• National or supra-national rules concerning capital adequacy?

  • Risk retention requirements?

  • Implementation of the Basel III framework in your jurisdiction?

The main reasons for doing a securitisation are:

  • Having an off-balance sheet alternative to raise funds.

  • Accessing the capital markets without being necessarily listed.

  • Cheaper financing, mainly for companies in the real estate and agribusiness sector, due to the tax benefits provided to certain investors to invest in securities backed by credits originated from these sectors.

  • Providing investors with an alternative exposure to credit risk.

  • Adjusting operations to regulatory capital requirements (applicable to financial institutions).

International accounting practices only affect local securitisations when the originator of the receivables is a foreign company subject to them (for example, subsidiaries of foreign companies). This impact increased when the CVM issued rules effective as of 1 January 2008, requiring the adoption of international accounting standards by Brazilian companies by 2010, observing the adjustment required by Federal Act 11638/2007 amending the Brazilian Corporate Law.

Brazilian law does not provide any risk retention requirements, although certain institutional investors particularly pension funds must observe certain exposure limits to securitisations.

 

The special purpose vehicle (SPV)

Establishing the SPV

4. How is an SPV established in your jurisdiction? Please explain:
  • What form does the SPV usually take and how is it set up?

  • What is the legal status of the SPV?

  • How the SPV is usually owned?

  • Are there any particular regulatory requirements that apply to the SPVs?

For tax and insolvency remoteness reasons, securitisations in Brazil are currently structured using investment funds (FIDCs) and securitisation companies (Companhia Securitizadora) as the SPVs.

Brazilian tax rules do not provide special treatment for pass-through companies such as SPVs. However, as an investment fund FIDCs are neutral from a tax perspective, and special tax treatment is granted to securitisation companies.

FIDCs can issue different classes of shares (senior and subordinated).

Securitisation companies can issue series of CRI and CRA. The underlying receivables of each series of CRI and CRA are separated from the estate of the securitisation company. The issue of CRI and CRA can also be structured so that a certain series of CRI/CRA is subordinated to another.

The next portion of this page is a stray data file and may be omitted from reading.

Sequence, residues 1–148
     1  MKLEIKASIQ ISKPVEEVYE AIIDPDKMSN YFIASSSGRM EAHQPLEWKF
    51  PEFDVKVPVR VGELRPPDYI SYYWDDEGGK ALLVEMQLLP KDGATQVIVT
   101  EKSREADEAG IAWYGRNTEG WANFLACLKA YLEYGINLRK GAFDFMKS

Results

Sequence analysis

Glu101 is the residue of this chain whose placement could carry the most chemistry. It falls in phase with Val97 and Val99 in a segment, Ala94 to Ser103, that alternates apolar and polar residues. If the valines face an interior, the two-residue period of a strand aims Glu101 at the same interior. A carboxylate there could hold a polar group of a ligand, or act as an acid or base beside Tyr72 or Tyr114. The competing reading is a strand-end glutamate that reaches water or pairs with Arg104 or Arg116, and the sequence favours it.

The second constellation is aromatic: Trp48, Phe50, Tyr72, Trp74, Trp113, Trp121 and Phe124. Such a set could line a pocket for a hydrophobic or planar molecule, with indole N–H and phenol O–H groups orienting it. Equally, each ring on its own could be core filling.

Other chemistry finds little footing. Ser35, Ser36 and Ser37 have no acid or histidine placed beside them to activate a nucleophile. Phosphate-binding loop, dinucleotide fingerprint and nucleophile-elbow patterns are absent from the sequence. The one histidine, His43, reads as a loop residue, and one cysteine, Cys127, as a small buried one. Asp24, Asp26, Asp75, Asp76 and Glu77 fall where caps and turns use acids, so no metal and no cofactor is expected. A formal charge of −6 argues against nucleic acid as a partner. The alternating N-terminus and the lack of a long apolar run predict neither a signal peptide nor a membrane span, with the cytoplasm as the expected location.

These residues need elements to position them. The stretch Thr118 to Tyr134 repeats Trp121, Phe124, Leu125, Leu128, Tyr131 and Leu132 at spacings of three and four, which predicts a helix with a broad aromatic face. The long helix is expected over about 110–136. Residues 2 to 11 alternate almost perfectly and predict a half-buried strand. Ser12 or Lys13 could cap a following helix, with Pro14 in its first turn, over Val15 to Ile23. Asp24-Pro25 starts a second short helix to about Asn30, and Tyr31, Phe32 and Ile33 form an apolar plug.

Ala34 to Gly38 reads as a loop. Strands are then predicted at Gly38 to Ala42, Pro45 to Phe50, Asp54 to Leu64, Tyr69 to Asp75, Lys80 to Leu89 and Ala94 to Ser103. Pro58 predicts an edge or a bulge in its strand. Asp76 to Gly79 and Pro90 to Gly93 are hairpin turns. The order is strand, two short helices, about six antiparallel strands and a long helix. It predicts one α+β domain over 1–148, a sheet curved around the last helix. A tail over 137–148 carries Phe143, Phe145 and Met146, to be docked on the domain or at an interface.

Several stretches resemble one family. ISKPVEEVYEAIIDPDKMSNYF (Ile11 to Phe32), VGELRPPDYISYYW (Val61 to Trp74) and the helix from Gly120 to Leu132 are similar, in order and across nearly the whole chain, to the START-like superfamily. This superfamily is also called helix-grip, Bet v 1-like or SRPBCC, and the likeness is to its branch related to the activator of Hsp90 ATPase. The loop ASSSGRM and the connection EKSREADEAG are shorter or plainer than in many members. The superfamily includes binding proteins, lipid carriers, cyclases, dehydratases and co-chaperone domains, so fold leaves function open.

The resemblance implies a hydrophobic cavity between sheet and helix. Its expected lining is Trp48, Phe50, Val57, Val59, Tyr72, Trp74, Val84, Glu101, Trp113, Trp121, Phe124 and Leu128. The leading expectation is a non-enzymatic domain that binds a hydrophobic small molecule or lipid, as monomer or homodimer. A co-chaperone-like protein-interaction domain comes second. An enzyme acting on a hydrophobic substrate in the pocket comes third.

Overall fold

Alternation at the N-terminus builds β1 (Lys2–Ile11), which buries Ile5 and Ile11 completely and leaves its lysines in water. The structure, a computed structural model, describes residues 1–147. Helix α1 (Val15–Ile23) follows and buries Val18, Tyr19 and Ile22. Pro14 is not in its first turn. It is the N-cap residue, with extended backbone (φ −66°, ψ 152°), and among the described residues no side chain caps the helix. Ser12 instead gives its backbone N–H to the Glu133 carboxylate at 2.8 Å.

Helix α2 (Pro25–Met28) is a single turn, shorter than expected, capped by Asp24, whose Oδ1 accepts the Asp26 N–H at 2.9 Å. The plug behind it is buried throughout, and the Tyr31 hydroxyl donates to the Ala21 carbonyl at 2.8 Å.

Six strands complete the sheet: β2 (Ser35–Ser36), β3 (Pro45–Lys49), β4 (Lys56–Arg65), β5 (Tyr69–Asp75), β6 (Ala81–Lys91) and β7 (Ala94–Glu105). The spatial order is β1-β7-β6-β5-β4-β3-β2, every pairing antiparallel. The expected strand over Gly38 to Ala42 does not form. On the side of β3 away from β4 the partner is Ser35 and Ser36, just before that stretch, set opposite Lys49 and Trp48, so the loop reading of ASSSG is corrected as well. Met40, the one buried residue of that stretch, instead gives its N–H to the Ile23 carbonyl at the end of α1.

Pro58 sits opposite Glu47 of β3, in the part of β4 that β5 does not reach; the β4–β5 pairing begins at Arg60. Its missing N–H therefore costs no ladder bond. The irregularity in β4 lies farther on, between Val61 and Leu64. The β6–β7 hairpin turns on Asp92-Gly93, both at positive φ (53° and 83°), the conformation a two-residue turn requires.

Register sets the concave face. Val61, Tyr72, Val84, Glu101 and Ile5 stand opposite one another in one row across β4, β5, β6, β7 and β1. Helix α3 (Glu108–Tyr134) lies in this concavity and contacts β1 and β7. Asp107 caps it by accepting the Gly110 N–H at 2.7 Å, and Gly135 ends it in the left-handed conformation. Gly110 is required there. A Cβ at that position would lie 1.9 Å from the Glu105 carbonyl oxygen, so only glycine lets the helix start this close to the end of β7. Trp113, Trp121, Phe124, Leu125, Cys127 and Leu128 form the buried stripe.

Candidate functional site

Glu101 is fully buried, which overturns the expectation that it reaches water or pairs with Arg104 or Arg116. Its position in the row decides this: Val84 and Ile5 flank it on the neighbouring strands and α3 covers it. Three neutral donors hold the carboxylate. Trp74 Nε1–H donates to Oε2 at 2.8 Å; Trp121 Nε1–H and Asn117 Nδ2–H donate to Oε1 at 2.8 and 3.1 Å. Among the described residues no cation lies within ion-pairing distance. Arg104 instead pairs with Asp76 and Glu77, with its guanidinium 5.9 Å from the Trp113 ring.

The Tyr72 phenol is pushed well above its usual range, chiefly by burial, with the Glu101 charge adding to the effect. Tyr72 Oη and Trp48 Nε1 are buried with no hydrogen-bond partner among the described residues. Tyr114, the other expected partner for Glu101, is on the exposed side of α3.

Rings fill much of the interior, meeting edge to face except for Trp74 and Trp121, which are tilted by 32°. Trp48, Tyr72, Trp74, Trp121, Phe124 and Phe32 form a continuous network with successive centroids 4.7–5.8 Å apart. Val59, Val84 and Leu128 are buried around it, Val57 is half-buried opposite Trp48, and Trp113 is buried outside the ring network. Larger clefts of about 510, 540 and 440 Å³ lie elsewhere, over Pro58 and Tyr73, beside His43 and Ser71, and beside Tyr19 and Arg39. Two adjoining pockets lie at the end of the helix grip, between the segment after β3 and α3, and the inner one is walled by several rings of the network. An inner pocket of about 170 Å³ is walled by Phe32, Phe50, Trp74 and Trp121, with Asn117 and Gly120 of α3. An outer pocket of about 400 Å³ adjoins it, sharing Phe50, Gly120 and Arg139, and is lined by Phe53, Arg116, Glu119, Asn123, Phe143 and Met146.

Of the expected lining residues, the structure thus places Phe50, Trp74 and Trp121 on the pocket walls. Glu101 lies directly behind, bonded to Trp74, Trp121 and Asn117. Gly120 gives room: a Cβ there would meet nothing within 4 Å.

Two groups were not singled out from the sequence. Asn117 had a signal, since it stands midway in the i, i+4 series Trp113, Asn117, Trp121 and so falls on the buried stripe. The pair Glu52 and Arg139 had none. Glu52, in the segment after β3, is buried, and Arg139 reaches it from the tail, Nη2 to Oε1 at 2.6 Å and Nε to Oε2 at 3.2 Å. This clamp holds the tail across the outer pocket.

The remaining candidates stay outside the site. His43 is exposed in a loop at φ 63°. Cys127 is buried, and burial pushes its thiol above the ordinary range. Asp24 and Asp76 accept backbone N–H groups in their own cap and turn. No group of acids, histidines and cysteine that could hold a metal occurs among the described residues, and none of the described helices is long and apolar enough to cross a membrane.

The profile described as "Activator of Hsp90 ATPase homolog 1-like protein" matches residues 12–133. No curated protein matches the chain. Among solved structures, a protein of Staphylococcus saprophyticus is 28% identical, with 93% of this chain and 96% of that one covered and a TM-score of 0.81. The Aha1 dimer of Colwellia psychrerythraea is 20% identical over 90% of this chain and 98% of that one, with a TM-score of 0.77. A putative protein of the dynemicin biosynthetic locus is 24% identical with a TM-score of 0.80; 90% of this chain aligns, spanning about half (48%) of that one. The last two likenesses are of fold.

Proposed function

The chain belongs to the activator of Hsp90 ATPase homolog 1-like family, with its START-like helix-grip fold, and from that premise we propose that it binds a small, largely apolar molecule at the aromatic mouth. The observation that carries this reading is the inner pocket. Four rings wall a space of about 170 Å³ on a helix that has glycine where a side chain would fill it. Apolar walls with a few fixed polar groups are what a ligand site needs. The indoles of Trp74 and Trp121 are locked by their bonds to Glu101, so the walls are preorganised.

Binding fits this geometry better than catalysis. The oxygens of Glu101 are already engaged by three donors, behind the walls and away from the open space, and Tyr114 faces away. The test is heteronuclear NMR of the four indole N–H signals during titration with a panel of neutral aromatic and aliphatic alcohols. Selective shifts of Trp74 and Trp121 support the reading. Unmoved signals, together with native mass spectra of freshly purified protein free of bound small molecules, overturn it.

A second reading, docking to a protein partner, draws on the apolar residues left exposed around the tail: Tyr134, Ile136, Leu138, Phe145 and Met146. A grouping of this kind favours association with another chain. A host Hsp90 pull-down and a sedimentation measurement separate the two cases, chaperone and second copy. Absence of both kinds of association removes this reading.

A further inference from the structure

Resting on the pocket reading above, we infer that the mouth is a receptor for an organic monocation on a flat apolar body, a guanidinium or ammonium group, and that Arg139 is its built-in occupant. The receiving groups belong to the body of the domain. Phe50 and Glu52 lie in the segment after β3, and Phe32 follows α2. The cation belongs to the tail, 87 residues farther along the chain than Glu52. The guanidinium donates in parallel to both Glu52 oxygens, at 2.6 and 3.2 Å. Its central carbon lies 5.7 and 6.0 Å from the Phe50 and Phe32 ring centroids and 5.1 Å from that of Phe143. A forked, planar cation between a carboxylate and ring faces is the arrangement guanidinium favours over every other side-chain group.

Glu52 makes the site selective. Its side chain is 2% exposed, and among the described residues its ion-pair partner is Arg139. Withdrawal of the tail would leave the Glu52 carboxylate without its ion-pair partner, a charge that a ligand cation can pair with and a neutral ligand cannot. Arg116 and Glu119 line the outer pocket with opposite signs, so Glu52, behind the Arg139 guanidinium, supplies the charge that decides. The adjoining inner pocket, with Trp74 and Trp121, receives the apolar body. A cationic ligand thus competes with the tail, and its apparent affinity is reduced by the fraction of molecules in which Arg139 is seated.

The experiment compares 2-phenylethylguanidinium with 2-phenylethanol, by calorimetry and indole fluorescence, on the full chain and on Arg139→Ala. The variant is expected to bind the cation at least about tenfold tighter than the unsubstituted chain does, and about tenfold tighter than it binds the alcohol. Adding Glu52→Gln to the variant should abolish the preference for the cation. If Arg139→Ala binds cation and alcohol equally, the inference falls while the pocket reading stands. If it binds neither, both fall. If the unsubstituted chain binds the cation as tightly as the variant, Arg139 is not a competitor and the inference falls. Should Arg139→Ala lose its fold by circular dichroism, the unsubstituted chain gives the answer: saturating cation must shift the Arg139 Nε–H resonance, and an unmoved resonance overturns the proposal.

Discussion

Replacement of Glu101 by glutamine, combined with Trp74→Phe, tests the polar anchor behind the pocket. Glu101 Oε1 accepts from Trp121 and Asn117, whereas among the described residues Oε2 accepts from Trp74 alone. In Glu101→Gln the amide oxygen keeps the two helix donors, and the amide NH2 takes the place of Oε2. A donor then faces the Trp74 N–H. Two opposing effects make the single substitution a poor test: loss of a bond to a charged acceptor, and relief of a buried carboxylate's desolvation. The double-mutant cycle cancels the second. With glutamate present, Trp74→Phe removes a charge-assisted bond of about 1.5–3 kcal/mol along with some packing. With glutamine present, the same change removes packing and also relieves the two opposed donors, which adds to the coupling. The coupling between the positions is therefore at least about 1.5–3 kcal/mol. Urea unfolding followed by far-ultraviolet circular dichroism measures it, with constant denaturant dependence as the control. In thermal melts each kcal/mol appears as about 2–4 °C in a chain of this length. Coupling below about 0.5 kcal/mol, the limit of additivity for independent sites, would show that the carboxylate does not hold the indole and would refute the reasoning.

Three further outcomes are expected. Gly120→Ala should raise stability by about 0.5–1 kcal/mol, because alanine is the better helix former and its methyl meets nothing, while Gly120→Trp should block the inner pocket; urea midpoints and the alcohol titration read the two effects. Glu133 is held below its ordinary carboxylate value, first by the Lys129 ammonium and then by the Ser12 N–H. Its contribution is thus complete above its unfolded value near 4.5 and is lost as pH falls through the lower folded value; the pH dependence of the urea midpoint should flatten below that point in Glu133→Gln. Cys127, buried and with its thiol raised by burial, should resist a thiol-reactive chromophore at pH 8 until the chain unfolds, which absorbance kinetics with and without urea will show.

A FIDC is owned by its shareholders and formed as a condominium (that is, a structure in which each shareholder has a partial interest in its assets). Therefore, the shareholders of a FIDC are also the investors that hold the classes of its shares.

The shareholders of a securitisation company are usually capital market players that set up a securitisation company with the sole purpose of structuring the issue of series of CRIs and CRAs. Thereafter, the investors in the CRIs and CRAs are not shareholders of the securitisation companies.

Both FIDCs and securitisation companies must be registered with the CVM. Registering an FIDC with the CVM can be automatic or subject to review by the CVM, depending on the assets to be acquired by the FIDC. A securitisation company must be registered with CVM as a public company, so is subject to the same procedure followed by any company in Brazil to gain the status of a public company.

 
5. Is the SPV usually established in your jurisdiction or offshore? If established offshore, in what jurisdiction(s) are SPVs usually established and why? Are there any particular circumstances when it is advantageous to establish the SPV in your jurisdiction?

FIDCs and securitisation companies can only be structured in Brazil. There have been a few securitisation transactions using offshore SPVs in recent years, but most transactions are structured using FIDCs or securitisation companies.

 

Ensuring the SPV is insolvency remote

6. What steps can be taken to make the SPV as insolvency remote as possible in your jurisdiction? In particular:
  • Has the ability to achieve insolvency remoteness been eroded to any extent in recent years?

  • Will the courts in your jurisdiction give effect to limited recourse and non-petition clauses?

FIDCs are insolvency remote entities by definition. Brazilian regulations restrict FIDCs to borrowing money or leveraging their portfolios. Additionally, investment funds do not have taxes and employees to pay, making an insolvency situation very unlikely. If an FIDC's portfolio does not perform, it can deliver the receivables itself to the shareholders and be wound up.